Each city features a number of services to tailor to your needs. You can fill up at gas stations, buy new rigs at truck dealers, sleep and find drivers at hotels, and receive repairs at garages. There are also a number of companies in each town that offer jobs. Problem is most of these services are only present in urban areas, as 18 Wheels of Steel: American Long Haul lacks exits between major cities, with the exception of the occasional truck stop. This is, again, unrealistic, as (especially in the Eastern U.S.) there are plenty of exits with gas stations and hotels between major metropolises. This means you really have to plan your gas usage and look at your map ahead of time. Luckily, you can sleep in your cab (by stopping on the side of the road, setting the brake, and accelerating time) since your view will start to black out when you get sleepy (a neat feature).

Of course, the only way to get to these locations is to drive, and 18 Wheels of Steel: American Long Haul features a realistic driving model. Driving is intuitive, especially since you can enable automatic transmissions. There are a lot of buttons to press that activate turn signals, lights, the horn, wipers, cruise control, and the radio. 18 Wheels of Steel: American Long Haul also has multiple views to aid in precise driving. You do need to obey the rules of the road: don’t run red lights, follow the speed limit, and use your turn signals. If you don’t, cops positioned on the side of the road will issue tickets if you pass them after you’ve recently done an illegal act (your “wanted” level will decrease slowly over time). Tickets are unrealistically expensive ($6,000 for running a red light?!?) to driving within the rules is really important. It can be difficult, however, since lights change too fast: even if you are driving the speed limit, sometimes there is no way you can slow down in time. The AI traffic does a good job navigating through the game, so they aren’t generally the cause of your legal troubles. If you deliver your goods with no damage then you will earn your maximum income and be well on your way to founding a profitable company.

After a while, you will have enough money to hire other drivers to make money for you. You are hire other drivers at hotels, purchase new trucks and trailers, and negotiate contracts with clients. You must deliver for a company yourself before they will offer jobs to your drivers. The management aspects of 18 Wheels of Steel: American Long Haul gives you more to do than simply drive your truck and expands the appeal of the game. Even though 18 Wheels of Steel: American Long Haul is a realistic game, I think that most people will be very uninterested by this game. The game scales North America to make driving times less than in real life, but there is still a lot of empty space between cities that, frankly, is not very exciting to drive through. The inclusion of little towns on minor exits would have made driving across America a lot more interesting. I am in the target audience for this game, and even I was getting a bit bored with the long haul distances. So unless you really, really like truck driving, you can probably avoid this title.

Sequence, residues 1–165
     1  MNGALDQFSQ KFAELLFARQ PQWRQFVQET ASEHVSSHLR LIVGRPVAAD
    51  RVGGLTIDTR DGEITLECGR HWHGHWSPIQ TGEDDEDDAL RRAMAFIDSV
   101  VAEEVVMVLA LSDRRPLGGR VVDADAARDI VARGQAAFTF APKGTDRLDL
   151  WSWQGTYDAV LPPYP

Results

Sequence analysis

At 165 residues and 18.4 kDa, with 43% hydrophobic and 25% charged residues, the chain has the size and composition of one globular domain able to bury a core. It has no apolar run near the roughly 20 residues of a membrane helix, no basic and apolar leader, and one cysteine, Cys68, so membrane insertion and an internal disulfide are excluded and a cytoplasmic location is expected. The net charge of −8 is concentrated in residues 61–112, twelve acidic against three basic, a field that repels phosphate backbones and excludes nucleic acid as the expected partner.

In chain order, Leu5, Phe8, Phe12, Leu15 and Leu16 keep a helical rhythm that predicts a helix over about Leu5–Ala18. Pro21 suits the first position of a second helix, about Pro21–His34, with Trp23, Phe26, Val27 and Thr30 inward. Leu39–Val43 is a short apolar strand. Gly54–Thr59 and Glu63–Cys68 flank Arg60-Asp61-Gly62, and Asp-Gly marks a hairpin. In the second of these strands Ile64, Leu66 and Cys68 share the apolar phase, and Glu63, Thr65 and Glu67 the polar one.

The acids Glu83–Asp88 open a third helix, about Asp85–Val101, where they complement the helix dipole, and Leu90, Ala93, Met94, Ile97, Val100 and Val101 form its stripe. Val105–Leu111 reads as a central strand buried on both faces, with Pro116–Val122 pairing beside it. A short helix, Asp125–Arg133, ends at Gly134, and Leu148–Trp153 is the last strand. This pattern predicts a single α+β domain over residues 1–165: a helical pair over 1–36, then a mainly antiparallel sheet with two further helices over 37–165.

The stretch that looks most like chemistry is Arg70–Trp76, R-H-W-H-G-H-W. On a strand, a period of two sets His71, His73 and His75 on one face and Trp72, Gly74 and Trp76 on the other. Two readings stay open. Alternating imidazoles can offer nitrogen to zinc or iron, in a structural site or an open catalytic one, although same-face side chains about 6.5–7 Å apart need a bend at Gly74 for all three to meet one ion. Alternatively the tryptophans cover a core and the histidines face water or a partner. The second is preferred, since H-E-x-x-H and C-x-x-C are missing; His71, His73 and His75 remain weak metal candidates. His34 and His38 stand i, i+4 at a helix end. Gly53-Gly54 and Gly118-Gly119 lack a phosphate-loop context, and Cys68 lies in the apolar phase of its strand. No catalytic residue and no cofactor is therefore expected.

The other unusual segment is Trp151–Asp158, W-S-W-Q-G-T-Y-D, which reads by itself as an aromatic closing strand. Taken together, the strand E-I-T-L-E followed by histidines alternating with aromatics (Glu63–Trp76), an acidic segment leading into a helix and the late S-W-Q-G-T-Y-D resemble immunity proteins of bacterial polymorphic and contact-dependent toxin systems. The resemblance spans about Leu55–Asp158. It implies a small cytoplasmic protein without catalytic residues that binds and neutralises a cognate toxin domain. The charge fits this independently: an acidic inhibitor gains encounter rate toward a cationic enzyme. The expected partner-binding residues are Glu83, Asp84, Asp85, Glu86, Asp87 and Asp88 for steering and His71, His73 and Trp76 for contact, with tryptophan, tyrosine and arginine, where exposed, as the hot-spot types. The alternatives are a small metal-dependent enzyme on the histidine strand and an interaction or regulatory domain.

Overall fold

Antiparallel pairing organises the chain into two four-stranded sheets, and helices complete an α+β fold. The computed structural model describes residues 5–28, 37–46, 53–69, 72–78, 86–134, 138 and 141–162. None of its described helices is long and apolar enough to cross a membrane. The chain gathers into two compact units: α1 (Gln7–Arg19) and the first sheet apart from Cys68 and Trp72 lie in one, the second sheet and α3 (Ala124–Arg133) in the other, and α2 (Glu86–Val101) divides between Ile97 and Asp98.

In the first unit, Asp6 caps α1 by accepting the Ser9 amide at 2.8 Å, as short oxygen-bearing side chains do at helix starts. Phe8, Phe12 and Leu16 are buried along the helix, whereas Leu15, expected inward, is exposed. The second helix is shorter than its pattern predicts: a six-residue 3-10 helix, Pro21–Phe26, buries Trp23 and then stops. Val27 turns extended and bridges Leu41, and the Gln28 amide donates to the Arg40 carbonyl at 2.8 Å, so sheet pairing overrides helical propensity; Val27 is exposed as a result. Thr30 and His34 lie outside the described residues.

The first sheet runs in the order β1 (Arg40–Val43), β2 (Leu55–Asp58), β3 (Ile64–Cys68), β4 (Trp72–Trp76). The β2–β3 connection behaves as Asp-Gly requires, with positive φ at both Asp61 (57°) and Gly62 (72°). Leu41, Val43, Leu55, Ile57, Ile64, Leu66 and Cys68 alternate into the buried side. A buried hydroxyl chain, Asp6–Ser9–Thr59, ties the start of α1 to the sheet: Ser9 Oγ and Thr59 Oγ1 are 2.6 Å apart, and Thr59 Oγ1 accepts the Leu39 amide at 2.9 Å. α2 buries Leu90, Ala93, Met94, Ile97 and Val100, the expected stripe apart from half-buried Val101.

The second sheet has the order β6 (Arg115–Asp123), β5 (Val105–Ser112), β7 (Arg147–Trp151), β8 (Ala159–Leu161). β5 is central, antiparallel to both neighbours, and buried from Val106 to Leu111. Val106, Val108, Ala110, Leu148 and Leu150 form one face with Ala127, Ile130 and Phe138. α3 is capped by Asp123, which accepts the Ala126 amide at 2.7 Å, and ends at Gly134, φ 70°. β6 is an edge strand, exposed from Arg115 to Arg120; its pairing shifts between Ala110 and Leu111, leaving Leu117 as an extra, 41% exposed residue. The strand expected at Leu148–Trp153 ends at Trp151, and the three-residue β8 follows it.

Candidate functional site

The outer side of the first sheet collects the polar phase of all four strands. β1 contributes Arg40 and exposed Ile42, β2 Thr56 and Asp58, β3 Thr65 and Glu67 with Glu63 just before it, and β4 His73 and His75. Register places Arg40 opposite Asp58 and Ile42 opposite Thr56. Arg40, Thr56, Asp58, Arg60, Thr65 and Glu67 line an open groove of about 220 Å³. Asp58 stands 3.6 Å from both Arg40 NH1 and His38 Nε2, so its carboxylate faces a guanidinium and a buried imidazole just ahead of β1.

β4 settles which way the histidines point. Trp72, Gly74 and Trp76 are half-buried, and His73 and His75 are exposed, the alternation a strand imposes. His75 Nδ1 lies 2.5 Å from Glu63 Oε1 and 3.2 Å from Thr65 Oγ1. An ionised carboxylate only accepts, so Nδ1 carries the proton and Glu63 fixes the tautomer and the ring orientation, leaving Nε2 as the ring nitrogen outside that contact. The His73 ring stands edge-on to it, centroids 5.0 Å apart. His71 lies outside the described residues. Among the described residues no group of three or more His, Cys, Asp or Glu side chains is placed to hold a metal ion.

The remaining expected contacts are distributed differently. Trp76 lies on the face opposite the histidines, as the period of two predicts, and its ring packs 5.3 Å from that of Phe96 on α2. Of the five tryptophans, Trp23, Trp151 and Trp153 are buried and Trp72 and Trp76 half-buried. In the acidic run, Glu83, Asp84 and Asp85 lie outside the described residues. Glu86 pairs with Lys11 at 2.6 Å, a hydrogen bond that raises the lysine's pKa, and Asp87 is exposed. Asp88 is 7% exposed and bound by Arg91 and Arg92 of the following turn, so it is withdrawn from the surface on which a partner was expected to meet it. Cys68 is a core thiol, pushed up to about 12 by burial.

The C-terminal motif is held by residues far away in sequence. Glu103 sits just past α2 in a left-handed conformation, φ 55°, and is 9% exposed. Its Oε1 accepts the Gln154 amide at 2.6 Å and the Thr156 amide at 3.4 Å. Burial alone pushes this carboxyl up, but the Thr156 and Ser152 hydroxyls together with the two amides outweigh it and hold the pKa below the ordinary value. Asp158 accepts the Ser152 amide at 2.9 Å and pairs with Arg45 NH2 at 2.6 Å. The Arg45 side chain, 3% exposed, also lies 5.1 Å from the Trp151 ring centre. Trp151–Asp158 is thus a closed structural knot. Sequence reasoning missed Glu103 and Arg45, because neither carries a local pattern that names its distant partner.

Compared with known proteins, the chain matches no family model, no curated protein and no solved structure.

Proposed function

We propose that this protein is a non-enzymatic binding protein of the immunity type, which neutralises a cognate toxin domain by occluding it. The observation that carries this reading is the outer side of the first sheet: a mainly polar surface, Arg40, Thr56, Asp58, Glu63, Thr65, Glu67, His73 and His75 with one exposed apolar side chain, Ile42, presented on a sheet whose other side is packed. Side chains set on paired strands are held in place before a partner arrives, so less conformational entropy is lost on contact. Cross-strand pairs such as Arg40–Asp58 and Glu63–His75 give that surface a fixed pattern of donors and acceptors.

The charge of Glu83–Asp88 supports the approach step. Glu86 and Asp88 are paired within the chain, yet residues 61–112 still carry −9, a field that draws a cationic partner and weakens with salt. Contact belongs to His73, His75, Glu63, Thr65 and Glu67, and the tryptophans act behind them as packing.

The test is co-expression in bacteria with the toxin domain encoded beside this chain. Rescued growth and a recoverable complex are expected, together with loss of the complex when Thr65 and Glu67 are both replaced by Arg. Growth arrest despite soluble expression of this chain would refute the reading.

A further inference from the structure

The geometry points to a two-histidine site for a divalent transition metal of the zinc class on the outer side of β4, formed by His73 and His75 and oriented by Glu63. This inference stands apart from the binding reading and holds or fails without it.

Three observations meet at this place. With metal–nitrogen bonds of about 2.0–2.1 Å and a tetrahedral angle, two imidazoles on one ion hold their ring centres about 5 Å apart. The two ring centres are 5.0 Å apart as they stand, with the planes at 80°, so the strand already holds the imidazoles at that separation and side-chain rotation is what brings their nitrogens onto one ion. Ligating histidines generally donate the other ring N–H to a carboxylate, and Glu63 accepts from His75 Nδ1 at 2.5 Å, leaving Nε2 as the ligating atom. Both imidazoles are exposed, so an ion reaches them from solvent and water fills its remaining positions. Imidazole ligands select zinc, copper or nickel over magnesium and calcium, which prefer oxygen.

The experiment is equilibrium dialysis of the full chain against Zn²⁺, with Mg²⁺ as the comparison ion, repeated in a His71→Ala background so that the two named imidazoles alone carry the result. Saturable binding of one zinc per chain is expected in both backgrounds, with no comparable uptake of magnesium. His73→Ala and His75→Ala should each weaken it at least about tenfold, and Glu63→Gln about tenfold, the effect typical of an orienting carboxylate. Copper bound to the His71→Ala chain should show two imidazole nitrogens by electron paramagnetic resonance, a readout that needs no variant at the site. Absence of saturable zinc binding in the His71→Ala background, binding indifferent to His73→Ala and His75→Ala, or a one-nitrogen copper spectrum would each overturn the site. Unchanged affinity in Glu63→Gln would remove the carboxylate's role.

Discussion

Although 18 Wheels of Steel: American Long Haul is technically an accurate simulation, trips take too long to be very much fun. A trip that should take about 15 minutes takes 45, and most people probably won’t consider 45 minutes of interstate driving to be very enjoyable. 18 Wheels of Steel: American Long Haul offers 44 cities to visit, but there are some large cities missing and exits between cities are almost non-existent. The lack of a tutorial makes the learning curve steeper than it should be. The graphics are out of date and terrain is generic at best, completely wrong at worst. The management aspects of 18 Wheels of Steel: American Long Haul makes the game more interesting, but you’ll have to make some multi-hour hauls before you can really expand your business. 18 Wheels of Steel: American Long Haul is only $20 so there is a good amount of value for that price, but only a small niche of people will really enjoy this game. Even though the title is right up my alley, I found 18 Wheels of Steel: American Long Haul difficult to fully enjoy thanks to the drudgery of long-distance driving. After six versions, the 18 Wheels of Steel series still has room for improvement in a couple of key areas, one of them being fun.